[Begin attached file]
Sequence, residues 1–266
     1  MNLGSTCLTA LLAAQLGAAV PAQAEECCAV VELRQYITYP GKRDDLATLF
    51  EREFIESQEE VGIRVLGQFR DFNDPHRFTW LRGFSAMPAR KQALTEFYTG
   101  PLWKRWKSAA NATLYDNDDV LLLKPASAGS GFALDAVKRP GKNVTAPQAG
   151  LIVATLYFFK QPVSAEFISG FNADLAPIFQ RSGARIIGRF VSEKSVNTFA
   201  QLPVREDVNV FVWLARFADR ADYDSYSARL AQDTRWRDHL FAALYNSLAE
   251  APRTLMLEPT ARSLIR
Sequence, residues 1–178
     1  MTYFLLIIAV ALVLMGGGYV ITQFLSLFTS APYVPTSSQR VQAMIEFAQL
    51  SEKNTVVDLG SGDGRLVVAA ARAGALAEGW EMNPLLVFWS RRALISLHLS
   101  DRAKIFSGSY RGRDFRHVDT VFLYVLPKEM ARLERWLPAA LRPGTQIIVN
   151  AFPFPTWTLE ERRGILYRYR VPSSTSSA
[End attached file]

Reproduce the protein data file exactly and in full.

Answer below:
Sequence, residues 1–266
     1  MNLGSTCLTA LLAAQLGAAV PAQAEECCAV VELRQYITYP GKRDDLATLF
    51  EREFIESQEE VGIRVLGQFR DFNDPHRFTW LRGFSAMPAR KQALTEFYTG
   101  PLWKRWKSAA NATLYDNDDV LLLKPASAGS GFALDAVKRP GKNVTAPQAG
   151  LIVATLYFFK QPVSAEFISG FNADLAPIFQ RSGARIIGRF VSEKSVNTFA
   201  QLPVREDVNV FVWLARFADR ADYDSYSARL AQDTRWRDHL FAALYNSLAE
   251  APRTLMLEPT ARSLIR
Sequence, residues 1–178
     1  MTYFLLIIAV ALVLMGGGYV ITQFLSLFTS APYVPTSSQR VQAMIEFAQL
    51  SEKNTVVDLG SGDGRLVVAA ARAGALAEGW EMNPLLVFWS RRALISLHLS
   101  DRAKIFSGSY RGRDFRHVDT VFLYVLPKEM ARLERWLPAA LRPGTQIIVN
   151  AFPFPTWTLE ERRGILYRYR VPSSTSSA